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Times (London)
Tuesday, 20 August 1889


Sir, - Having only just seen last Thursday's issue of your valuable paper, which contains the coroner's summing up in the case of the last East-end murder, may I be allowed to make one or two remarks which in justice to some of my parishioners I feel ought not to be passed over?

A very sad and in many respects very true description is given of the state of things existing in the parish of Spitalfields; but it is hardly true or just to say, "There are 20,000 of the same character, not one of whom is capable of elevating the others."

Of the 20,000 in my parish there are not a few Gentile families living respectable, honest, God-fearing lives; becoming smaller, I must allow, owing to the recent terrible events; as also a large proportion of poor Jews, whose hardships are known only to a few, who, together with ourselves, not only fear but deplore what has happened at our very doors. A fortnight ago one of the local police stated he had never seen such a state of things anywhere else, and could only suppose that "God spared the place for the few righteous that dwelt therein." Still the few are there, and they are capable of elevating in some degree the others.

As to the remedy. Touching the moral aspect of the question, it is not more church accommodation that is wanted, but living agents; men and women with consecrated lives, content to work under regularly constituted organization, avoiding spasmodic effort on the one hand and overlapping on the other. Better dwellings will do something, but not everything; there must be the sympathy of warm and loving hearts, together with ready hands, to help wisely, promptly, cautiously.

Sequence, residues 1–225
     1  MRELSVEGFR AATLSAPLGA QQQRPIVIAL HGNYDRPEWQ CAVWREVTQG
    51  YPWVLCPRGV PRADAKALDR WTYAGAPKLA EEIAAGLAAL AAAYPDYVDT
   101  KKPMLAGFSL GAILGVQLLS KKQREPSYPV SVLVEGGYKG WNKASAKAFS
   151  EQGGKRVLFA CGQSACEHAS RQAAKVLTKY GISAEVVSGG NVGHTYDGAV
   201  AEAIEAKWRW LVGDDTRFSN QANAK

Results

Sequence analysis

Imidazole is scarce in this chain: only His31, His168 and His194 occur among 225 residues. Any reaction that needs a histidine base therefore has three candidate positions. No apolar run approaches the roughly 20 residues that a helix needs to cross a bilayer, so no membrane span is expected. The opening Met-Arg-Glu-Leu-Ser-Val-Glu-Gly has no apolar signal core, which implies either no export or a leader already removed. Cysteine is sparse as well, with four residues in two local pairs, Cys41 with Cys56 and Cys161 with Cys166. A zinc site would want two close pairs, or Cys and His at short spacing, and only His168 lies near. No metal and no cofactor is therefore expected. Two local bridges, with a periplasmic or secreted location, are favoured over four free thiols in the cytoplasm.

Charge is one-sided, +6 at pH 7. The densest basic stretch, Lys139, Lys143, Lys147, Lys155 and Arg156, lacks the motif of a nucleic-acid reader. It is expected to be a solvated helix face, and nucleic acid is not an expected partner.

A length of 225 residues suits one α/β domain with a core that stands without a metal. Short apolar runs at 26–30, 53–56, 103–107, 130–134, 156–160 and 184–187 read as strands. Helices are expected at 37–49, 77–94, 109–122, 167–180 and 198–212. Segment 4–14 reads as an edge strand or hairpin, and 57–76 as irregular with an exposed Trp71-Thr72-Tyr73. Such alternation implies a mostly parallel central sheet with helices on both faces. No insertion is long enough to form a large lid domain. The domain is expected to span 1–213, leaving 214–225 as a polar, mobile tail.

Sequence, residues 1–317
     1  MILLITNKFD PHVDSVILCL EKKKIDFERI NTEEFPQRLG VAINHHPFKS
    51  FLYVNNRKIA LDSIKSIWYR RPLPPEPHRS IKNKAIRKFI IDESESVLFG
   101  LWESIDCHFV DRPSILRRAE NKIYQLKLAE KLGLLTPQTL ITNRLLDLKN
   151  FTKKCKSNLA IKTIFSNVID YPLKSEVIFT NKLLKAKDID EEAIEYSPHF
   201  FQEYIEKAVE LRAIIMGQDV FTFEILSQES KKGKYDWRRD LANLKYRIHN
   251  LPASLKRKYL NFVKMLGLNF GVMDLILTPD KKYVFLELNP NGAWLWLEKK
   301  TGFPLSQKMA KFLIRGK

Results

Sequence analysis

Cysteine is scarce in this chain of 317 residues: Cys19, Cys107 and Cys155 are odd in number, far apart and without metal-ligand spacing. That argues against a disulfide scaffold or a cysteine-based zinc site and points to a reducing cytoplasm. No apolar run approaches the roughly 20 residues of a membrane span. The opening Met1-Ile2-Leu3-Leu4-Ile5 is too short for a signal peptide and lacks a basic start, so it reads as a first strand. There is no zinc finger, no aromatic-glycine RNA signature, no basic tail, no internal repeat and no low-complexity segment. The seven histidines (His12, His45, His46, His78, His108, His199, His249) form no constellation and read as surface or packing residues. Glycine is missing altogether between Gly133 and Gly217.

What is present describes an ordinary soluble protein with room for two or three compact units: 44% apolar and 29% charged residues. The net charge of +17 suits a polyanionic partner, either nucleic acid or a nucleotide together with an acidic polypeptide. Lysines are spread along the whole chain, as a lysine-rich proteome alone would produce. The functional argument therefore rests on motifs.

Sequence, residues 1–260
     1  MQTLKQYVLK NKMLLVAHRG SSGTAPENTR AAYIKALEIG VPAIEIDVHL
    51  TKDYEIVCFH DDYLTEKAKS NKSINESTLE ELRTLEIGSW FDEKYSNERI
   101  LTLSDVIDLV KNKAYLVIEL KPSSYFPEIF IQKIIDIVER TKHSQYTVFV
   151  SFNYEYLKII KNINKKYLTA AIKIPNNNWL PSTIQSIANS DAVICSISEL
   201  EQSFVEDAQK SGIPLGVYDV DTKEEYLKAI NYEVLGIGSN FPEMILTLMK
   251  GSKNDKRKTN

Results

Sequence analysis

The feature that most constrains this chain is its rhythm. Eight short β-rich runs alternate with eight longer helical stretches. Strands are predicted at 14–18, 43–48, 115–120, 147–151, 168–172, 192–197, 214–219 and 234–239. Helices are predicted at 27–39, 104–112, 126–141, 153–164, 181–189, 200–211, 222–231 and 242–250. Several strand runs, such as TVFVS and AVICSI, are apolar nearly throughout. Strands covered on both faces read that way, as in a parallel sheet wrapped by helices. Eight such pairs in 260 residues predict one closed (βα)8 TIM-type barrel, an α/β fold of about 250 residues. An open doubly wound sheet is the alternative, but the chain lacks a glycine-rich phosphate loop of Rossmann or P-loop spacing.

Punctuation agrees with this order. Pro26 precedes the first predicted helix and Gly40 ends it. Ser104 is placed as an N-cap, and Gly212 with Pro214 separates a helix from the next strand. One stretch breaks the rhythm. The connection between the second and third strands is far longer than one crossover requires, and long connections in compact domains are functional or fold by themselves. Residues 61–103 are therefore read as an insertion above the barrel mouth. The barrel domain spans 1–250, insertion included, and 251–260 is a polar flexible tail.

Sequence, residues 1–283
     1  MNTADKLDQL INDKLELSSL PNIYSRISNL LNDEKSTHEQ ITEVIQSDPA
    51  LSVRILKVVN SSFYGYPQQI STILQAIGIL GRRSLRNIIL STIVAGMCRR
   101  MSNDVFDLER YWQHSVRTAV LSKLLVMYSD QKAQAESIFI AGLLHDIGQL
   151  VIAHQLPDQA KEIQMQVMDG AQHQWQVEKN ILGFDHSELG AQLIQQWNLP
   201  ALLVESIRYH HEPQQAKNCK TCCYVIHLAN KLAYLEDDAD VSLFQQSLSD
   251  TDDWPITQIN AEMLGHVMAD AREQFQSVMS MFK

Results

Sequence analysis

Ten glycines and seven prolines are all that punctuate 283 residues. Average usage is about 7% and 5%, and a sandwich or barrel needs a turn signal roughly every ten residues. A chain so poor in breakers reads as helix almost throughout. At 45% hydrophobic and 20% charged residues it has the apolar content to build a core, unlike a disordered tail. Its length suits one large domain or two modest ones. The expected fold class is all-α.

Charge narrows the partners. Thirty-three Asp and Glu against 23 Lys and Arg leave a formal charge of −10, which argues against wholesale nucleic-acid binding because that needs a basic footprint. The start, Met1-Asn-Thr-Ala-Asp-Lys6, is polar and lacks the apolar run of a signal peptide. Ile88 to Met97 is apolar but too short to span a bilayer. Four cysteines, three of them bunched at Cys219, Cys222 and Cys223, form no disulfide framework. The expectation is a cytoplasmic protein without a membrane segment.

There need be no case of starvation. Of the 48 lodging-houses finding their centre around Flower and Dean-street in this parish, containing a population of 6,000 souls, 46 are regularly visited and a religious service held in each every Sunday evening, and I believe no case can exist in the parish needing help which would not in the ordinary course of things come under the notice of one or other of our visitors within a given fortnight or so. Still we are greatly in need of helpers and help. I trust the coroner's appeal will not be made in vain, and I thank him in the name of my poor people for it.

What we need most of all at the present time is a house where our workers can reside in the parish, amongst the people whom they seek to elevate, and whom they are most likely to influence by their daily, constant, and self-denying example. I plead for 2,000 to purchase suitable freehold premises for this purpose; who will help to raise this sum? This would confer a real and lasting boon upon this parish, and is surely not too much to ask considering all the civilized world knows our circumstances only too well.

Most gladly will I supply further information.

Thanking you in anticipation, believe me to remain yours very truly,

The Rectory, Spitalfields, E., Aug. 17.

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